1. Focusing upon which question is more appropriate to my field of study and allows me manoeuvrability. After my last supervision it was highlighted that within the context of ‘FUN’, this is a form of ‘AFFECT’, and that I must consider the provocation of emotional responses, as ‘THE AFFECTIVE TURN’ corresponds to a number of pieces of research works, cross discipline in Arts and Humanities
  2. If I consider my 3 Objects of Study which are People, Process(es) and Product, I must consider a balance of traditional and practice elements applicable to the INTERSECTION OF FIELDS within the context of SURVEYING THE FIELD; understanding the topography of the research landscape
  3. The consideration between what is ‘Academically Phrased’ and what is ‘Publically Phrased’; as mentioned in my last Blog, the state of play with my question as it stood was:
    1. “Can there be an affective videogame design process to create an affective videogame? If so how?” – this is more academic
    2. “How can video game developers implement ‘the fun factor’ in videogames more effectively?” – this is more public centric – like a public report
  4. Finally I must consider all the reading resource which I must dive into, to help me further understand the lay of the land, within the context of my literature review. So far I have been visiting the Digra library (http://www.digra.org/digital-library/) to collect a vat of resource focused upon ‘AFFECT’ and ‘GAMES’. I have also collected a great deal of resource from colleagues; really applicable articles and interviews. Thank goodness my supervisor has stated that there will be upcoming discussions of reading strategies to help sift through all this knowledge, to help identify the pearls!

So, my first draft at attempting to rebuild the main question, especially after going through a period of reflexive analysis of my own perceived definition of ‘fun’ is:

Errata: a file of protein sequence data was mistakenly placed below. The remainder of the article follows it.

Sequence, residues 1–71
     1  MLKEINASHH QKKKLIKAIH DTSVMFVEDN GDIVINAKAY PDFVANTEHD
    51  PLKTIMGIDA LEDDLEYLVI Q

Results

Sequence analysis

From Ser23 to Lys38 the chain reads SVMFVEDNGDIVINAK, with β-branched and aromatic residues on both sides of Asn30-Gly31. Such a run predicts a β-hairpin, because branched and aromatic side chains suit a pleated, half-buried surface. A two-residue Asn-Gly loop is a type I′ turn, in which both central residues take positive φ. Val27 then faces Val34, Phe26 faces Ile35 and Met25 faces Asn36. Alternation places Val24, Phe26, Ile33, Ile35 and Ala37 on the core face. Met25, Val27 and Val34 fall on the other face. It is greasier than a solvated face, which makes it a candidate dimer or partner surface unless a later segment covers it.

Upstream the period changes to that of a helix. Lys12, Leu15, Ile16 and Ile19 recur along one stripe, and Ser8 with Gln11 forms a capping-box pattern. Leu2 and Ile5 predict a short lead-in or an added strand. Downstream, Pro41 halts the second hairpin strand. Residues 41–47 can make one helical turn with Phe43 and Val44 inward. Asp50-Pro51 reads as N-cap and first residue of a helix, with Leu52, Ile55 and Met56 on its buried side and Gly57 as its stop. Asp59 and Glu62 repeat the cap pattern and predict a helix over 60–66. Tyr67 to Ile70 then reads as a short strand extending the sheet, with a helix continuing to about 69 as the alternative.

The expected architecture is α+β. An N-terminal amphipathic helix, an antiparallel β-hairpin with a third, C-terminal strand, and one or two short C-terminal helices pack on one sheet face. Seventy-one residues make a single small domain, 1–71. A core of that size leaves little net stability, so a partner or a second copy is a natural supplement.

“Can VIDEOGAME DEVELOPERS AND AUDIENCES use AFFECTIVE PROCESSES OF VIDEOGAME DESIGN to implement the fun factor, whilst creating AFFECTIVE VIDEOGAMES? If so how?”

This links back to the aforementioned question I asked which was: “Is it possible to have fun making a videogame? If so how and can this ‘fun’ help the team and the videogame?”

So, I believe I’ve covered and synthesised the Objects of my Study into this newly formed question. Breaking this down I can see that I’ve covered:

VIDEOGAME DEVELOPERS AND AUDIENCES: People

AFFECTIVE PROCESSES OF VIDEOGAME DESIGN: Process

AFFECTIVE VIDEOGAMES: Product

The next port of call regarding this is to speak to my supervisors and test the waters with my findings, whilst also discussing the myriad of literature articles I have to review to help me galvanise the ‘rebuilding of my house’ and also to then help me to ‘find the people’!

Once again, watch this space!

Oh and before I go, here’s my Thesis Haiku:

Enter deep inside my mind (7)

Enter see what you will find (7)

Reflexive and enticing (7)

My research is exciting! (7)

and here’s my Mash up poem, containing  words from 3 environments where I have written content:

File 01-11-2017, 15 48 42

 

Thanks to Dr Helen Kara, Dr Nick Webber, Dr Oli Carter and Dr Jacqueline Taylor Boote